Compassion Fatigue?

  • post Type / Humanists International News
  • Date / 2 May 2006

The UN Office for the Coordination of Humanitarian Affairs has recorded some 70 natural disasters in 2005. To come to the aid of the needy, during the year, it asked for $5.7 billion (£3.2 billion) in assistance – of which only 57% has been raised. While the world community has indeed been rallying round to help, it is clear more is needed from us, and we need to ask our governments to do more as well.

Disappointingly, one year on, the UK Government failed to honour its tsunami aid pledge when Tony Blair promised to more than match public donations. Now, while the UK public generously gave 300 million to the Disasters Emergency Committee, the government gave only 75 million directly to relief works. Now it makes the astonishing claim that the estimated £50 million of tax reliefs from public donations, the government’s long-term development project assistance of £65 million allocated for the regions now affected by the tsunami, and the European Commission’s spending on long term projects of £40 million as well as the Commission’s £45 million debt relief for Sri Lanka over the next decade should all be counted towards the UK’s tsunami pledge. Globally, of the total requested aid of USD 1.2 billion, USD 1.1 billion has already been raised.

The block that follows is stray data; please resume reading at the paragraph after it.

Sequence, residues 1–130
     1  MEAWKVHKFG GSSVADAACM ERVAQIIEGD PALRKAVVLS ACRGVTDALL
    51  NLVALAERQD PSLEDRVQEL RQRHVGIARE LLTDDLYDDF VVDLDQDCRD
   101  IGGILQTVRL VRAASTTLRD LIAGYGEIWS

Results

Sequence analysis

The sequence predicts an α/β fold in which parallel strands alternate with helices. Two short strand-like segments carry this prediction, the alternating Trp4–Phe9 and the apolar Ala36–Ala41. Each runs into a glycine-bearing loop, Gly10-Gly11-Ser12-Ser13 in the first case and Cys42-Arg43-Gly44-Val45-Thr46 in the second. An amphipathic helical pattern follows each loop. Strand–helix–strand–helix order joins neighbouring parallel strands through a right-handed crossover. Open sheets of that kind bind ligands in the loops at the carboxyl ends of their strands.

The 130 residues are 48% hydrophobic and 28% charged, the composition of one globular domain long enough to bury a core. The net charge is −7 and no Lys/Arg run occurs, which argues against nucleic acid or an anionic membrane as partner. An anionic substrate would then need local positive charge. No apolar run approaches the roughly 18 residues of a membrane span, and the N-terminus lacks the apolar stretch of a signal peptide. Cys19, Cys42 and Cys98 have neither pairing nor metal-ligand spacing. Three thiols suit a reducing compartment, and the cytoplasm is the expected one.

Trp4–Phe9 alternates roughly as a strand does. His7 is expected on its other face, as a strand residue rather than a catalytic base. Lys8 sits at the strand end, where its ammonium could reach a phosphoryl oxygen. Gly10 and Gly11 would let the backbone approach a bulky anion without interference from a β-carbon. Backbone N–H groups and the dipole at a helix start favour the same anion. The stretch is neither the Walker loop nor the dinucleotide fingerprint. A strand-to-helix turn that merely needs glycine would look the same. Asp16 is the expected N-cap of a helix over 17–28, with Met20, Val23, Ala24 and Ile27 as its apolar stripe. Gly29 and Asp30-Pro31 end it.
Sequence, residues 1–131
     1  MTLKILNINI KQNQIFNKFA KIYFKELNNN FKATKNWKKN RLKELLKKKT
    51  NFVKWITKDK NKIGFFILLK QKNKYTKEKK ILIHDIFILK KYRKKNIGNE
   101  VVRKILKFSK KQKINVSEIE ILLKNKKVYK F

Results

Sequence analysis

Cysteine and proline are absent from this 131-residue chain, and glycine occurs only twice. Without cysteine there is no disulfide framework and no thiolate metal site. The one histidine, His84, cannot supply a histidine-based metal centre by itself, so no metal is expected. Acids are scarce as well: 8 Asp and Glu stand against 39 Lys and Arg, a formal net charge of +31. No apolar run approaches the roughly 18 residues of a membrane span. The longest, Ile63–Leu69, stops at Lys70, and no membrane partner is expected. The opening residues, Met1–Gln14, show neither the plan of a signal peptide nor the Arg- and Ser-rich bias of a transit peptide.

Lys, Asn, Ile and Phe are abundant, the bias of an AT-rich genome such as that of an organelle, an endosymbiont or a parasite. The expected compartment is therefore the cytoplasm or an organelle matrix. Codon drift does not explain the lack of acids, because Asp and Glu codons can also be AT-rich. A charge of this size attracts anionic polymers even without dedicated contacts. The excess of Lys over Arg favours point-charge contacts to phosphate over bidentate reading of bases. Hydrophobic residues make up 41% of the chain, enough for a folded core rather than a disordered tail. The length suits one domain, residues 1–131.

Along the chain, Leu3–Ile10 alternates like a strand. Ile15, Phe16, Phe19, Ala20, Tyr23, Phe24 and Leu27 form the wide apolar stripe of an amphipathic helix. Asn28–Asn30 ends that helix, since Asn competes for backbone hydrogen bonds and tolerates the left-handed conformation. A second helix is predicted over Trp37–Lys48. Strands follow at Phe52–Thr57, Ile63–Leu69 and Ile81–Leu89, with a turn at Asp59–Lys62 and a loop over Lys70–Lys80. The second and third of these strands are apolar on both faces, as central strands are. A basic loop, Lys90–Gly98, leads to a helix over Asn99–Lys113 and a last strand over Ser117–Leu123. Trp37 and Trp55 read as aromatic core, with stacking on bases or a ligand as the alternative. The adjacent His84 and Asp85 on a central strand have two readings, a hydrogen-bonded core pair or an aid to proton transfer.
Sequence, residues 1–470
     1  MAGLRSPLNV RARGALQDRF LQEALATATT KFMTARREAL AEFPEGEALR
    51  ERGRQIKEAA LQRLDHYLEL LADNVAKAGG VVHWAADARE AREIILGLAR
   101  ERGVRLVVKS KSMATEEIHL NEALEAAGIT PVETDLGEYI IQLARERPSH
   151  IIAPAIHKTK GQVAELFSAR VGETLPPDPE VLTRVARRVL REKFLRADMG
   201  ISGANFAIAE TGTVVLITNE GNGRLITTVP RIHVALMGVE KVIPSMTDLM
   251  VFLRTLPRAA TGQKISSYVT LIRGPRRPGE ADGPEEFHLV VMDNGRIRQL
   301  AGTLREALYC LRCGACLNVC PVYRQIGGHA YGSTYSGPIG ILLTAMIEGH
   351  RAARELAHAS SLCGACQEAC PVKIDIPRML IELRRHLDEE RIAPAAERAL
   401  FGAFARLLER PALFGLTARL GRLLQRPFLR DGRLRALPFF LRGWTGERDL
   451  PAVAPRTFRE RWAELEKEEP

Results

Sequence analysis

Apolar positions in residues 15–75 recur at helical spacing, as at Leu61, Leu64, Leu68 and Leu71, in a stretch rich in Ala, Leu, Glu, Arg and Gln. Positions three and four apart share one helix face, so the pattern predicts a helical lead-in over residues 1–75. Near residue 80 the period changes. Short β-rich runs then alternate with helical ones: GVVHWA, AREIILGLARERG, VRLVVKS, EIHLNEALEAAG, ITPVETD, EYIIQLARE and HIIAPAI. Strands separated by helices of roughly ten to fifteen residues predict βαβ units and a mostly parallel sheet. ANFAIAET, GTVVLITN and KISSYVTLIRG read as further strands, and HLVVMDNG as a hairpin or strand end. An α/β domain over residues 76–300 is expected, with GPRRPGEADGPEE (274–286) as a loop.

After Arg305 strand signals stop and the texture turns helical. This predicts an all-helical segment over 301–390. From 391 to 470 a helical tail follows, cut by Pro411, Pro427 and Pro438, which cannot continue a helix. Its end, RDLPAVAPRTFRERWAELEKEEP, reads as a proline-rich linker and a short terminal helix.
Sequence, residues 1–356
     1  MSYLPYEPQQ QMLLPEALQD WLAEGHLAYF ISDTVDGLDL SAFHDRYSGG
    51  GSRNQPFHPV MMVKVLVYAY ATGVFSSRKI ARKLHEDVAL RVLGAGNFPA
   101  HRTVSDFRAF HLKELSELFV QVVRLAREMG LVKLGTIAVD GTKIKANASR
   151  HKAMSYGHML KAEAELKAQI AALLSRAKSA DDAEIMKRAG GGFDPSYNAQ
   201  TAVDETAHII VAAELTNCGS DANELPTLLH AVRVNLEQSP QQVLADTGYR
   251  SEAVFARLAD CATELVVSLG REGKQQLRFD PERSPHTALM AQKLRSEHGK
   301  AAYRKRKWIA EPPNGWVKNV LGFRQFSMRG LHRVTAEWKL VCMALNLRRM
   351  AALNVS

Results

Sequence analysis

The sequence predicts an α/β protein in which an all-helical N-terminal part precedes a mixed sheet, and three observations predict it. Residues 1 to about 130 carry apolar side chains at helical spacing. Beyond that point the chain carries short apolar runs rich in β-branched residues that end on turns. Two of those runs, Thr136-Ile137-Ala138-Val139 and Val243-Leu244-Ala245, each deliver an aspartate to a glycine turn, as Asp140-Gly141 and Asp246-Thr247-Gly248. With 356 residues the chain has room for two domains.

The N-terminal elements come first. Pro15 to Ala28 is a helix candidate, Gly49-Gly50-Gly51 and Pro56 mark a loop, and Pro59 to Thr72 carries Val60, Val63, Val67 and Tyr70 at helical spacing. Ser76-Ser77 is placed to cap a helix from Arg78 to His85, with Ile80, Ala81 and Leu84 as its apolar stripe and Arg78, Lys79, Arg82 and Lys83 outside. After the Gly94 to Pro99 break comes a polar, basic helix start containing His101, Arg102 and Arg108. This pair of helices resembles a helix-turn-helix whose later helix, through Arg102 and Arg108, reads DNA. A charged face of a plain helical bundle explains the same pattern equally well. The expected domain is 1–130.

The South Asia Earthquake of October 2005 which killed 75,000 approximately in Kashmir is an ongoing disaster with severe cold killing many more. The aid requested was the lowly sum of USD 550 million of which only USD 162.9 (or 29.6%) has been received. Oxfam published a list to name and shame those rich countries which failed to help victims of Kashmir’s disaster. 5 developed countries viz. Spain, Portugal, Greece, Finland and Austria donated NOTHING at all.

National governments also need to do more to help their citizens and ensure that aid is not caught up in red tape or stolen by a corrupt administration. They also need to make investment in infrastructure to ensure that not just relief but also rehabilitation takes place: for example, after Hurricane Katrina which killed 1200 people, the US government authorised payments of USD 62 billion. An additional money of USD 212 billion is being arranged, apart from USD 32 billion for flood defences.

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